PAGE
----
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State v. Leonard

Court of Appeals of Minnesota

February 4, 2019

State of Minnesota, Respondent,
v.
John Thomas Leonard, Appellant.

          Hennepin County District Court File No. 27-CR-15-22826

          Keith Ellison, Attorney General, St. Paul, Minnesota; and Michael O. Freeman, Hennepin County Attorney, Jonathan P. Schmidt, Assistant County Attorney, Minneapolis, Minnesota (for respondent)

          Cathryn Middlebrook, Chief Appellate Public Defender, St. Paul, Minnesota; and Emily B. Hoffman, Special Assistant Public Defender, Winthrop & Weinstine, P.A., Minneapolis, Minnesota (for appellant)

          Considered and decided by Rodenberg, Presiding Judge; Hooten, Judge; and Klaphake, Judge. [*]

         SYLLABUS

         A hotel guest has no reasonable expectation of privacy in identifying information that the guest voluntarily reveals to a hotel operator for purposes of renting a hotel room. When police obtain that identifying information by searching hotel-registration records under Minn. Stat. § 327.12 (2018), there is no violation of the hotel guest's Fourth Amendment rights.

          OPINION

          RODENBERG, Judge.

         Appellant John Thomas Leonard challenges his check-forgery convictions based on evidence seized from his hotel room after police obtained his identifying information from hotel-registration records. Appellant argues that the district court erred by denying his motion to suppress because the evidence against him is the fruit of an unlawful search of hotel-registration records. We affirm.

         FACTS

         On August 14, 2015, police officers requested a guest list from a Bloomington hotel's registration records. A clerk at the hotel's front desk provided the list and told the officers that appellant had recently checked into a room, provided a Pennsylvania identification card, and paid cash to use the room for six hours. Because the brief cash rental by an out-of-state guest aroused the officers' suspicions, they checked appellant's criminal history. They discovered that appellant had numerous arrests for drugs, firearms, and fraud.

         The officers proceeded to appellant's room, knocked on the door, and identified themselves as police. Approximately 60 seconds elapsed, during which time the officers heard a toilet flush and papers shuffling. Then appellant answered the door and permitted the officers to enter, but immediately after allowing the officers into the room, he picked up a laptop, a cell phone, and a file folder that appeared to contain several checks. Appellant declined the officers' request to inspect those items. In the room, the officers observed a large amount of cash, two printers, and several envelopes. The officers then froze the scene and obtained a search warrant. In searching the room pursuant to the warrant, officers recovered several checks purporting to be paychecks from various hotels to "Spencer Alan Hill" at various addresses. Six of the checks indicated the same account number, but purported to be from different banks. The amounts for which the checks were payable totaled $2, 521.22. Officers also recovered $5, 338 in cash, and check-printing paper that had been loaded into a printer.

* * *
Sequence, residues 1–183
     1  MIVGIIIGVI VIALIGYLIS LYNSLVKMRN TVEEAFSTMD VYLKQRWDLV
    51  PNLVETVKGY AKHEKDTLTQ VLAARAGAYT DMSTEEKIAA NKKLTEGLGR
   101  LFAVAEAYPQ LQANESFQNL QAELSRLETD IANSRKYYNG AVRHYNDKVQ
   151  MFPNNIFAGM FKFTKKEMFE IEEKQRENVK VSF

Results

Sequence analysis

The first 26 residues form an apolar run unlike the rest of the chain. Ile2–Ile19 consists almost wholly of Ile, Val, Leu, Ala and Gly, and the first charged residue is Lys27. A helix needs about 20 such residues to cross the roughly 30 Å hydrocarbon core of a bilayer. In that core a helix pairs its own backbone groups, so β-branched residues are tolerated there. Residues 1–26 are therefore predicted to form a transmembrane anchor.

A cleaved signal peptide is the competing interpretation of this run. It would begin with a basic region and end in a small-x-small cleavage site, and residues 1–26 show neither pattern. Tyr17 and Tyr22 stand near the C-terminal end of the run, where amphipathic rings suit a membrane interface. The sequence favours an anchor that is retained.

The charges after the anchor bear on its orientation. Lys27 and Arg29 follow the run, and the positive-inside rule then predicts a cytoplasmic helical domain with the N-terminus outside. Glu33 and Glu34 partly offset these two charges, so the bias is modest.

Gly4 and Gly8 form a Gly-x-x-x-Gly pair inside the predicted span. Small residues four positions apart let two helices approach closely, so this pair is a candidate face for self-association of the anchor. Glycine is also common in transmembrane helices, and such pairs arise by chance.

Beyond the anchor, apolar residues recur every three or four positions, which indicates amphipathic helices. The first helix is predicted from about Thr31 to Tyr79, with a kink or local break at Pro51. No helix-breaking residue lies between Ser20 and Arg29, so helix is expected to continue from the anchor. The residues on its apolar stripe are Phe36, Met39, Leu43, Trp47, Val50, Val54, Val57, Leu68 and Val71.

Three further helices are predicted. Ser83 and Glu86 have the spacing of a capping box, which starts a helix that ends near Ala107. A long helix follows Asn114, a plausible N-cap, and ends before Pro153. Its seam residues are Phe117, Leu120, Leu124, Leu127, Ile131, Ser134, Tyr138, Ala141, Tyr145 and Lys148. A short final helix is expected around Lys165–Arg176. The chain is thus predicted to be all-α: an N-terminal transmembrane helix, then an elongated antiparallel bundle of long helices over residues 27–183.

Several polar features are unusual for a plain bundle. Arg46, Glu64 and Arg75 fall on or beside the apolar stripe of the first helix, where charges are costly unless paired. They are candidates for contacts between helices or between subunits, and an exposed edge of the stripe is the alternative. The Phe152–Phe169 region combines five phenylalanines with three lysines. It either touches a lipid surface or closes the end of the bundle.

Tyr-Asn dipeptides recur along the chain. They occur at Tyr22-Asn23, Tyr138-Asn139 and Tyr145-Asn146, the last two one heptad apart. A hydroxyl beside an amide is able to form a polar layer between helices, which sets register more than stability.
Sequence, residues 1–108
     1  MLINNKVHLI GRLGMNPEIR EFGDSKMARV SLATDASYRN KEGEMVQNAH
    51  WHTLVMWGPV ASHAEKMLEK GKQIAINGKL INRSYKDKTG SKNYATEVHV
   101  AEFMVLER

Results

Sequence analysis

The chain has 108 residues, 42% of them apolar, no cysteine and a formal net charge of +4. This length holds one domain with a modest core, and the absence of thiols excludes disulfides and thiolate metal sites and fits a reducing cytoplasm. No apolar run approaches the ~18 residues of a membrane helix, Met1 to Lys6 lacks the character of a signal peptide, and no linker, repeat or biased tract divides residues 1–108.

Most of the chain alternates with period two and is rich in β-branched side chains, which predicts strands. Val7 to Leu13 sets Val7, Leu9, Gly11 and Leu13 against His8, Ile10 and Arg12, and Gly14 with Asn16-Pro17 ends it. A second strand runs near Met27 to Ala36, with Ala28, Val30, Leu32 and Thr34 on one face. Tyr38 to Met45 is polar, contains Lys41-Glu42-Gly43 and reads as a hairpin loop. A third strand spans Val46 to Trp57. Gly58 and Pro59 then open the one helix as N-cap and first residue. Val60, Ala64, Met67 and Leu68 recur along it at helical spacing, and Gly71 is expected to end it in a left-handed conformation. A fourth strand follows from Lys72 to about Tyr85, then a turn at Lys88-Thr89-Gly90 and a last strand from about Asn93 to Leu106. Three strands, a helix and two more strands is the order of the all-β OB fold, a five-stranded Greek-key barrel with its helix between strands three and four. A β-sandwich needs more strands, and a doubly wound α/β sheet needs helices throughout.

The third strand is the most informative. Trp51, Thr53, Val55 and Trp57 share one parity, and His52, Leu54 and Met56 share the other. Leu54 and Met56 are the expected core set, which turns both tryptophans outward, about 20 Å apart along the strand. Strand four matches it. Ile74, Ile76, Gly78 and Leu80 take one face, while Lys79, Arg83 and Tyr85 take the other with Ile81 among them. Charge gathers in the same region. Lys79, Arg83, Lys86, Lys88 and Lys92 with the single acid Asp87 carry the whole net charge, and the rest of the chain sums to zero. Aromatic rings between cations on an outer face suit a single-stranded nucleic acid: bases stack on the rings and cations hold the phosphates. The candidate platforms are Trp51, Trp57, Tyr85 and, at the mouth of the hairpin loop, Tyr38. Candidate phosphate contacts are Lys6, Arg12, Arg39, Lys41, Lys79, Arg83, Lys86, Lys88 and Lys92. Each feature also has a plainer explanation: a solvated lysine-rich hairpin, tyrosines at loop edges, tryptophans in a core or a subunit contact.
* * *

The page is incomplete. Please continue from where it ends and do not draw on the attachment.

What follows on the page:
Appellant was charged with check forgery and offering a forged check. He moved to suppress the evidence seized from his hotel room. He argued that the warrantless search of the hotel's registration records was unjustified because the statutes that require hotel operators, under threat of criminal sanction, to maintain such records and make them "open to the inspection of all law enforcement," Minn. Stat. §§ 327.10, .12, .13 (2018), are unconstitutional under City of Los Angeles v. Patel, 135 S.Ct. 2443 (2015). Appellant asserted that the identifying information gleaned from the records so obtained led directly to the seizure of the evidence against him.

         The district court denied appellant's suppression motion, reasoning that appellant lacked a reasonable expectation of privacy in the information he gave to the hotel for its registration records. Appellant thereafter waived a jury trial and submitted the case to the district court for resolution on stipulated evidence under Minn. R. Crim. P. 26.01, ...


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